International students and scholars must beware of telephone and email scams in which individuals will fraudulently claim the student or scholar owes money related to immigration or tax penalties.  These types of scams are becoming increasingly common.  They often target foreign individuals who may be unfamiliar with certain procedures in the U.S. and who are often less suspecting of the scam.

Our office has been alerted to several cases of individuals calling our students claiming to be from USCIS (U.S. Citizenship and Immigration Services), the IRS (Internal Revenue Service), the FBI, or local police offices which turned out to be phone scams.  In most cases, scammers posing as USCIS personnel or other government officials will:

  • request private personal information (such as Social Security number or Passport number)
  • claim that there is a problem with your immigration or tax records
  • ask for payment to correct the records

Be aware that Caller ID numbers can be faked.  It may appear that the call is coming from an official-looking 800 number, a phone number that you may even be able to find on the USCIS or IRS website.

No government agency or law enforcement official will ever ask an individual for money or for secure private information over the phone or by email.  They will not threaten arrest or deportation over non-payment.  If you receive this type of scam phone call, no matter how convincing the caller may sound, never agree to pay anything and never provide or confirm any additional personal information.  Please consult with ISSS if you ever have a doubt or concern related to the accuracy or maintenance of your immigration records.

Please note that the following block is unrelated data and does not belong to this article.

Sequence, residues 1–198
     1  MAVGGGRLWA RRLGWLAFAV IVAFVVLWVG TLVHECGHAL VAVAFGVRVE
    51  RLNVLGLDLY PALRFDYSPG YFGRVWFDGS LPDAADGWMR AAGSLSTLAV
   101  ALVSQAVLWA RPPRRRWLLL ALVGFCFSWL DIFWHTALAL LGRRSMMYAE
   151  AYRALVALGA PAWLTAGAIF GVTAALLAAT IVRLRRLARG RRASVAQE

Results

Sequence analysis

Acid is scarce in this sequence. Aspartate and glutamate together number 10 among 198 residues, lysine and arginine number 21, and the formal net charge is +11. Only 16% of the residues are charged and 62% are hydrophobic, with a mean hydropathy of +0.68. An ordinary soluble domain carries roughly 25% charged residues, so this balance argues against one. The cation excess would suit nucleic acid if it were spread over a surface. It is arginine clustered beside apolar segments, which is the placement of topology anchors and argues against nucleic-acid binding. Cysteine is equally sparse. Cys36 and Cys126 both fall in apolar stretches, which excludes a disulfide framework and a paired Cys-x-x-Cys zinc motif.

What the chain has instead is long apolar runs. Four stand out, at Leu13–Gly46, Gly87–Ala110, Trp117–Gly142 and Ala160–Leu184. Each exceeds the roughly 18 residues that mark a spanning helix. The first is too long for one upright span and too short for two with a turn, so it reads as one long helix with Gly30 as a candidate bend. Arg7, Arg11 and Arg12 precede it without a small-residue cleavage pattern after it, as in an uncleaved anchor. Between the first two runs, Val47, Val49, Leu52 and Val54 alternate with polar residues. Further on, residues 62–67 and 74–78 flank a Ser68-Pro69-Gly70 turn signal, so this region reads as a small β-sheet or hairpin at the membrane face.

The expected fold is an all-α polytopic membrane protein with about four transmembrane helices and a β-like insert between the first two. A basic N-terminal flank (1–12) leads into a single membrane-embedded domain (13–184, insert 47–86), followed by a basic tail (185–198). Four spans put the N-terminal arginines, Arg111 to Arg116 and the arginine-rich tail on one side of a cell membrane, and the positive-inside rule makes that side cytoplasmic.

ISSS strongly encourages you to report any cases of fraudulent phone calls or emails.  You may do so in any or all of the following ways:

  • Contact our office or come to ISSS to explain the incident to an ISSS advisor.
  • Contact the UNC Department of Public Safety at 919-962-8100 to report the incident or to report any other crime.
  • If you receive an email regarding your immigration status and you are not sure if it is a scam, forward the suspicious email to the USCIS Webmaster at webmaster@uscis.dhs.gov. USCIS will review the emails received and share with law enforcement agencies as appropriate.
  • USCIS recommends reporting such cases to the Federal Trade Commission (FTC) so these scams may be better monitored.

You may review additional information on this topic provided on the USCIS website and the IRS website. Please contact ISSS with any questions you may have.